The CHESED program (Community Hebrew Special Education) was held at the nearby Framingham Conservative synagogue, Temple Beth Sholom. We thought that there would be two b’nei mitzvah students in that first year, Sofia and another girl with Down syndrome, but the other girl ended up not participating, and Sofia was the only bat mitzvah student on Tuesday afternoons. On Sunday mornings she attended the CHESED program with two other boys (both of whom are also TI members); neither are her age and neither provided any social interaction for Sofia. But with only three kids in class, the teacher (my colleague at MWJDS, Hamorah Amy) was able to present Jewish topics in creative ways that allowed Sofia to learn.

Planning a Bat Mitzvah

I worked with Hamorah Amy and her team, along with Cantor Ken from TI, to design materials that Sofia would use for her bat mitzvah. The siddur was based on the Gateways model, but we offered Sofia the particular prayers that would be most appropriate for our service at Temple Israel. Cantor Ken, Rabbi Liben and I fine-tuned a potential list of prayers for Sofia to study. We put things in order: she absolutely HAD to learn the blessings for the aliyah, it would be great if she could do the Shema/Echad/Gadlu sequence for taking out the Torah, it would be nice if she could lead kiddush, etc.

We had selected Sofia’s bat mitzvah date back at the end of fourth grade (which is when we get our dates at TI). Although her birthday is in February, we decided to have her bat mitzvah the following school year, so that she would be with her religious school classmates for the b’nei mitzvah year. We selected Parashat Bereshit, the very beginning of the Torah, for a couple of reasons. I felt that Sofia would be able to understand Chapter 1’s version of the creation story, in which God creates the world in six days, making order from chaos, and then rests on the seventh day, Shabbat.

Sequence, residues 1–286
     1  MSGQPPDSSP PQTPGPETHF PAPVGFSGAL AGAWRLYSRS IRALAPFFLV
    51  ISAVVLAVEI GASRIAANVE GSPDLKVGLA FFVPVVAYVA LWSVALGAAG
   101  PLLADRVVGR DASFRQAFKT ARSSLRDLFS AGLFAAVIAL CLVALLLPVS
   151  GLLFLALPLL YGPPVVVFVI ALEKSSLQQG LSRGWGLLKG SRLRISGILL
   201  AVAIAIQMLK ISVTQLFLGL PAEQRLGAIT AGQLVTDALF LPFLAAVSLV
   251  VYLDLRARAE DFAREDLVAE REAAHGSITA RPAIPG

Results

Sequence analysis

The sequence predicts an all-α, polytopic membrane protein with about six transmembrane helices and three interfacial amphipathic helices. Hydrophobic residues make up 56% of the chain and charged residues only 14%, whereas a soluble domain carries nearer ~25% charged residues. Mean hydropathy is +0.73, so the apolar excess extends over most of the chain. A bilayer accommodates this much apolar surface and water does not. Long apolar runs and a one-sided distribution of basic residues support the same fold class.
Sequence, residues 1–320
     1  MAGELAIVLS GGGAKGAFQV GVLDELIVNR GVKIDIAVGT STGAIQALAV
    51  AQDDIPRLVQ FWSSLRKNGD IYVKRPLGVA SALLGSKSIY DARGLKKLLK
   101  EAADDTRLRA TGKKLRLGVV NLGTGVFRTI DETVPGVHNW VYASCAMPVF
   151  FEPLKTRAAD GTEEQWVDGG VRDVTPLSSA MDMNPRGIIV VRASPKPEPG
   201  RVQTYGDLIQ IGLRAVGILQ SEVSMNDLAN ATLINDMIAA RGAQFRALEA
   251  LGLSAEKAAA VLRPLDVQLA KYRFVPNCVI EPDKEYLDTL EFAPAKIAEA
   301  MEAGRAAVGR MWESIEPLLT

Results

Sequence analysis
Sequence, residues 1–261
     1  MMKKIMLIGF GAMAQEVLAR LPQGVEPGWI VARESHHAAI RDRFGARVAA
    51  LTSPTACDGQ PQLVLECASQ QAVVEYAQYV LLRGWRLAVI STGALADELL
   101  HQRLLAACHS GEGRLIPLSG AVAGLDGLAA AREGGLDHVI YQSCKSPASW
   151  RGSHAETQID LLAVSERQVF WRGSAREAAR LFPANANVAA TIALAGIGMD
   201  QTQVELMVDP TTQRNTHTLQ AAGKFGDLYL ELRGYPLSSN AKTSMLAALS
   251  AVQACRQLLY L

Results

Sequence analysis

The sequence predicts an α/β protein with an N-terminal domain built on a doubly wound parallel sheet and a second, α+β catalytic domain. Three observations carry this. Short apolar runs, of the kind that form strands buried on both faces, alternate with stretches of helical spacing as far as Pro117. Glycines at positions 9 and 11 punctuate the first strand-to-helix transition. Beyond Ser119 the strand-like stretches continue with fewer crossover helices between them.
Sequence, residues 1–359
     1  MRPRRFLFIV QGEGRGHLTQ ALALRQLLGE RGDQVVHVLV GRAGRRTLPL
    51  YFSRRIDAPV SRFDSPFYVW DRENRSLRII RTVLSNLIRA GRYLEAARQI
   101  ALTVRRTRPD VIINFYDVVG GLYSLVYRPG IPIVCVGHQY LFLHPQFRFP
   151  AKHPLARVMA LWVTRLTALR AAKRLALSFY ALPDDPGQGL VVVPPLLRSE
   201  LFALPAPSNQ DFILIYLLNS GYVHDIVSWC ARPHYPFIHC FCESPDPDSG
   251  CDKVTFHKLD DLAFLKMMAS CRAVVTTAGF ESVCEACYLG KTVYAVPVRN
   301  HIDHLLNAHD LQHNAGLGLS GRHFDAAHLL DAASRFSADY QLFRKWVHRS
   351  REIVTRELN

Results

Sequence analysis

The parasha would fall on October 6 in 2018, Sofia’s seventh grade year. Which happened to be the Saturday of Columbus Day weekend. And also the day before the MDSC Buddy Walk! It seemed like it would be a perfect time for out-of-town guests to come to New England, enjoy the fall foliage, and join us at the Buddy Walk as Sofia’s mitzvah project.


The last few months of the spring, with Hamorah Amy out sick, the Temple Beth Sholom religious school director, Geri, took over working with Sofia. Together, they created seven large murals, depicting the seven days of creation. Geri and I settled on the text of בְּרֵאשִׁית  In The Beginning, adapted by Alison Greengard, illustrated by Carol Racklin-Siegel, a children’s book adaptation of the Torah, Genesis chapter 1 and the very beginning of chapter 2. I made a few edits to the text, to add gender neutral language and remove some words that were more challenging for Sofia to read.

Over the summer, Sofia and I practiced and practiced. We narrowed her parts down to:
Friday night Kiddush (which she mostly knew by heart, but I added a print version), the Shema/Echad/Gadlu sequence for taking out the Torah, the blessings before and after the aliyah, the adapted English text about the seven days of creation (which would be her d’var Torah speech), the Shabbat morning kiddush, and the al netilat yadaim and hamotzi blessings. Sofia practiced nearly every single evening from July through September!

In mid-September, we added a new tool: a Torah pointer yad. Sofia was becoming increasingly comfortable doing each piece on her own, and would wave me off, saying “I do it!”, but she refused to use her finger to follow along in the text. When I gave her the yad, however, she loved it, and used it for both the English and the (transliterated) Hebrew.

What about Friends?

It turns out Sofia is a bit of a Queen Bee in seventh grade at the public school. She has a coterie of girls - and boys - who hang out with her for lunch, recess, and any other opportunity, basking in her sassiness and following her every command. At the end of sixth grade, since the public school could not (by their privacy rules) let me know the names of any of these kids, I wrote an open letter to the parents, saying basically “your kid plays with mine and we would love to invite him/her to the bat mitzvah, so please contact me with your address.” The teachers identified nearly 20 kids who merited these letters, and all the parents were eager to send me their child’s address!

Aside from the public school gang, and the girls from the Se’orah class at MWJDS, and the kids in the SubSeparate class, and the gang from Special Olympics gymnastics, and a miscellaneous collection of other buddies with Down syndrome, we also invited the entire Gesher class, the religious school kids now in their b’nei mitzvah year. Being part of the Gesher class means two things: being part of the class gift (a special chanukiyah for each kid, thereby removing the need to get a different gift for each kid) and being invited to all the b’nei mitzvah parties when possible.